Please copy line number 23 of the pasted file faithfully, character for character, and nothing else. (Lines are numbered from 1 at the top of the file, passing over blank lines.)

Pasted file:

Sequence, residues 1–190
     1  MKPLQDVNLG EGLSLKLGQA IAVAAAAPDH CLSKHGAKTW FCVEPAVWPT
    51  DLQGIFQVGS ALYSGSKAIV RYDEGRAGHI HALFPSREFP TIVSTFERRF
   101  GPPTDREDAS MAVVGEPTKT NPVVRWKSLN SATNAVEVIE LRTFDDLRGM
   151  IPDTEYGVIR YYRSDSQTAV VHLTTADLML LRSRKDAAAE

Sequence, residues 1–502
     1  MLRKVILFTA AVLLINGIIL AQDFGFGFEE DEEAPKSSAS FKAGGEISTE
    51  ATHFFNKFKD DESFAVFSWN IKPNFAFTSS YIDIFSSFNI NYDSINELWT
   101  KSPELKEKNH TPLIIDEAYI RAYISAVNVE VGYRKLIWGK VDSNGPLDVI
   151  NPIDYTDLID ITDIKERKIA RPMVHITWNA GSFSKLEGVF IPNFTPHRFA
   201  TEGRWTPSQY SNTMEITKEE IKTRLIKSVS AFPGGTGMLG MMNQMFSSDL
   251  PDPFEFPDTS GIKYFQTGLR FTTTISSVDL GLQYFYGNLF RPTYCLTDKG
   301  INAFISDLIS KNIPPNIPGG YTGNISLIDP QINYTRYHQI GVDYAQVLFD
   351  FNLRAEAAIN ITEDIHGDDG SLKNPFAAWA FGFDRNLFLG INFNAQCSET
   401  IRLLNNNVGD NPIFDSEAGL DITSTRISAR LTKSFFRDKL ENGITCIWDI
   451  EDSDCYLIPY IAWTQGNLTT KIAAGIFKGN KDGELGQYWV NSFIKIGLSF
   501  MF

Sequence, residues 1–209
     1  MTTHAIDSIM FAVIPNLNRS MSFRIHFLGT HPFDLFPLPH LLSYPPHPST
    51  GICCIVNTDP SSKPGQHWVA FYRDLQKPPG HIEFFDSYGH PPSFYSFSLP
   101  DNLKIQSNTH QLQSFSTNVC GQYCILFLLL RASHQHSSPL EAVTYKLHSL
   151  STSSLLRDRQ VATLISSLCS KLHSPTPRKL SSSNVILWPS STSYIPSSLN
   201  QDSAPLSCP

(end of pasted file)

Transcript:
   201  QDSAPLSCP